FERC enforcement staff rejected Total Gas & Power North America Inc.'s (TGPNA) arguments against staff's allegations of natural gas market manipulation against the company and two of its trading managers Friday, but in a highly unusual move, staff also requested that the Commission schedule a hearing on certain factual matters before an administrative law judge (ALJ).
"In their response to the staff report's detailed description of respondents' manipulative bidweek trading scheme, respondents raise a host of factual and legal arguments, including a request that the Commission summarily dismiss enforcement staff's claims, as well as several challenges to the Commission's authority to conduct this proceeding," according to the Federal Energy Regulatory Commission's reply to the Total SA unit's filing [IN12-17].
"While respondents' factual arguments present their view of the evidence, they do not, as a threshold matter of law, rebut the alleged violation. Instead, they largely mischaracterize enforcement staff's allegations, make inaccurate and unsubstantiated representations, and, at best, merely raise disputed issues of material fact."
In a surprising move, however, FERC enforcement staff requested "that the Commission set this matter for a hearing before a Commission administrative law judge. Such a hearing is necessary to resolve certain material issues of fact that enforcement staff and respondents dispute." Staff also recommended that the Commission reject Total's legal arguments and challenges to FERC's authority, and "decide several issues of material fact, including certain foundational facts, that respondents either have not disputed or failed to sufficiently dispute."
The market manipulation case brought against TGPNA by FERC enforcement staff "suffers from multiple infirmities" and doesn't include documentary evidence of intent to manipulate any market, the company has said (see Daily GPI, July 13). FERC should throw out the proceeding, TGPNA said in a 200-page response to an Office of Enforcement show cause order, which included allegations of natural gas market manipulation against the company and two of its trading managers (see Daily GPI, May 3). The order recommended civil penalties of nearly $226 million.
FERC staff has alleged that the trades took place at four Southwest locations between June 2009 and June 2012 at the regional trading hubs of SoCal, Permian, Waha and San Juan and were made by Total West Desk traders Aaron Hall, Therese Tran and Matthew Wilson. FERC staff first issued a notice of the ongoing investigation in September 2015 (see Daily GPI, Sept. 22, 2015).
In its reply, enforcement staff said a laundry list of procedural arguments that TGPNA had laid out in its filing lacked merit. TGPNA "contend that the NGA [Natural Gas Act] and the Constitution require the Commission to adjudicate penalty claims in federal district court. They further claim that the Commission's regulations violate the Administrative Procedure Act (APA), and that the Commission violated its own regulations...[T]hey are incorrect," staff wrote.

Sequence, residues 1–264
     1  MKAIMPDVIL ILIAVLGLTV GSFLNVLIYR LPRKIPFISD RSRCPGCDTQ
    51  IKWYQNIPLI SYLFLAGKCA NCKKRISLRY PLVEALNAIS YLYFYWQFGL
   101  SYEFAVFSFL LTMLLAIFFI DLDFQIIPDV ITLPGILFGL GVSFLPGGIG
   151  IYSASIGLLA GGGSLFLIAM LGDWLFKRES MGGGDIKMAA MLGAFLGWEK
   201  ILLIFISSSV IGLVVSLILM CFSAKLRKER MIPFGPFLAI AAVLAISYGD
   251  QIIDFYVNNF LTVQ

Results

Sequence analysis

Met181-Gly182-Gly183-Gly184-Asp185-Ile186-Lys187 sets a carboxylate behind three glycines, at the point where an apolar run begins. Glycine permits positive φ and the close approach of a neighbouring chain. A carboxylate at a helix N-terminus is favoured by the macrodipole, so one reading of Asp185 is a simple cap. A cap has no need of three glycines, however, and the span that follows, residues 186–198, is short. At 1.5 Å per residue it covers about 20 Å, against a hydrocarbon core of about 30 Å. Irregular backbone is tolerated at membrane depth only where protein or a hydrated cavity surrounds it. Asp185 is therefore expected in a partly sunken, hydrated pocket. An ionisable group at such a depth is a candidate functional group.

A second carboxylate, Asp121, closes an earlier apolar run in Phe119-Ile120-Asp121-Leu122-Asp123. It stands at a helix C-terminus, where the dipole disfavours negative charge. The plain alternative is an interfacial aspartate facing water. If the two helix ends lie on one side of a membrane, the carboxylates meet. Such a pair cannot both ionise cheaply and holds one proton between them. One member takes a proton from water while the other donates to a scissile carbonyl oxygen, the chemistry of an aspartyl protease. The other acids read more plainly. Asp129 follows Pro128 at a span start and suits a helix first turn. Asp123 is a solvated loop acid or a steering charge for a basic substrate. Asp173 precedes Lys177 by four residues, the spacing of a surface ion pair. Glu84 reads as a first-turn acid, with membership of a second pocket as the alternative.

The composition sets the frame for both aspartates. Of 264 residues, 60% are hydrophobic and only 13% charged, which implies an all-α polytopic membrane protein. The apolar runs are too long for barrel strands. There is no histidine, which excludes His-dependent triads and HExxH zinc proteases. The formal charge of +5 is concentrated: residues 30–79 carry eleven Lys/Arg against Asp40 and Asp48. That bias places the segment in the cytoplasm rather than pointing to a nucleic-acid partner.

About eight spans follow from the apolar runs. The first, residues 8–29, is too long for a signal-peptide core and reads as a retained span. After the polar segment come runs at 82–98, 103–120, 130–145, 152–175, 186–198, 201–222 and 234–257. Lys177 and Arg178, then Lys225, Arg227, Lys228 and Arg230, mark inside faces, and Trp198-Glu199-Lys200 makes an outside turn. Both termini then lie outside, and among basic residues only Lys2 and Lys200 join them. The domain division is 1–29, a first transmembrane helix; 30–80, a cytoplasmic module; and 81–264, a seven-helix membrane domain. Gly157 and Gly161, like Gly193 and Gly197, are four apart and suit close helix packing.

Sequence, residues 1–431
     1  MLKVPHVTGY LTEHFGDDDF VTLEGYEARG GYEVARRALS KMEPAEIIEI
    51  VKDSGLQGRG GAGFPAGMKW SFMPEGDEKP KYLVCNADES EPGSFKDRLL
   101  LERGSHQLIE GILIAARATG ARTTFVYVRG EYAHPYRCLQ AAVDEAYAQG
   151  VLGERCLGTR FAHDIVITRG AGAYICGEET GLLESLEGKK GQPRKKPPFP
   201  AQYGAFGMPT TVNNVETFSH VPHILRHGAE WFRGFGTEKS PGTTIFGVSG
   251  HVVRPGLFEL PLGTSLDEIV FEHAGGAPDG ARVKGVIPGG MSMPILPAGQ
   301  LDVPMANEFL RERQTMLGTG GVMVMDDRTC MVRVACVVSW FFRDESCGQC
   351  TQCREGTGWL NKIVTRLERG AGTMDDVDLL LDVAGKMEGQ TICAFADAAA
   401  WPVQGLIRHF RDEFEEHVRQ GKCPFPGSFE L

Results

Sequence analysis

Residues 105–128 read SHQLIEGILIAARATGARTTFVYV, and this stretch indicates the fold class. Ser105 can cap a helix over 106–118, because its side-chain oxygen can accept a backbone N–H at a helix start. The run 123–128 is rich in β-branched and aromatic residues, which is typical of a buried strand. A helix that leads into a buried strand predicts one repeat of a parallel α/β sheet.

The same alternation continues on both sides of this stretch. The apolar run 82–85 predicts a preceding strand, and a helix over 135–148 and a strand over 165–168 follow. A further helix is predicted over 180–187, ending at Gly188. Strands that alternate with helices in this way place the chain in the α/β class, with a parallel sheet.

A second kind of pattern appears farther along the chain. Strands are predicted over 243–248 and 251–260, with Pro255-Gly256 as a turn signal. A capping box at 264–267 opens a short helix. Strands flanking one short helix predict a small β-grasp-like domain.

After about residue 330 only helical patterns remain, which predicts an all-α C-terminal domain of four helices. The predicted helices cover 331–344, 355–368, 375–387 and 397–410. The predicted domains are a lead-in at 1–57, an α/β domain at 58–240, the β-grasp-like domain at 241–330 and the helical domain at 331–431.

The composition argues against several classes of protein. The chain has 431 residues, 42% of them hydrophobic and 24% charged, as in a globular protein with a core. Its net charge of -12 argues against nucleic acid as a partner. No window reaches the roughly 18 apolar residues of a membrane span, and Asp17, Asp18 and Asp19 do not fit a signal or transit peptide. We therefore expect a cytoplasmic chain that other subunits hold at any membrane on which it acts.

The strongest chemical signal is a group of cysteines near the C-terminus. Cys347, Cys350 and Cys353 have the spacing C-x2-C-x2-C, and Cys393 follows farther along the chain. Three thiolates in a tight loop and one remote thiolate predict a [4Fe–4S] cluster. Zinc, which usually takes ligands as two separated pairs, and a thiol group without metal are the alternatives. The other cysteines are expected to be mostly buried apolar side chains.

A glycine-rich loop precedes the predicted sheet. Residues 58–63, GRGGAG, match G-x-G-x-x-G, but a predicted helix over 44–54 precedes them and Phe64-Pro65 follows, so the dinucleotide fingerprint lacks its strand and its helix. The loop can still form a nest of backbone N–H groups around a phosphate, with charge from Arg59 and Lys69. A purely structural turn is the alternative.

Enforcement staff said that, contrary to TGPNA's contention, "the NGA does not vest district courts with exclusive jurisdiction to determine liability in the first instance of penalty matters." The NGA instead "authorizes district courts to assist the Commission when called upon." In addition, the Constitution does not bar adjudicating NGA violations administratively, staff said.
FERC enforcement staff also argued against several TGPNA statements about the Commission's ALJs. ALJ's are not "inferior officers" who have been improperly appointed in violation of the Appointments Clause, and they do not exercise "significant authority," staff said.
"FERC ALJs hold hearings only when designated by the Commission, conduct adjudications according to detailed regulations, and issue only 'initial' decisions that do not become final unless the Commission permits it," staff said.
Finally, staff said that neither Seventh Amendment nor the Due Process Clause prohibit FERC administrative adjudications, and FERC's Ex Parte and Separation of Function Rules do not violate the APA.
Last month, TGPNA asked a federal district court judge to reconsider a decision that the company may not defend itself against the FERC staff allegations in court -- a conclusion that would effectively return the case to the Commission (see Daily GPI, Aug. 31; July 18) [No. 4:16-cv-01250]. TGPNA had contended that the federal courts are the only place where alleged violations of the federal NGA may be sorted out (see Daily GPI, May 10). Attorneys for Total's North American operations argued that FERC does not get the first chance to decide alleged gas market manipulation cases.
But on Sept. 14, Senior U.S. District Judge Nancy F. Atlas once again rejected those arguments and denied TGPNA's motion to alter or amend her original judgement in the case. TGPNA has indicated that it will appeal the decision to the United States Court of Appeals for the Fifth Circuit.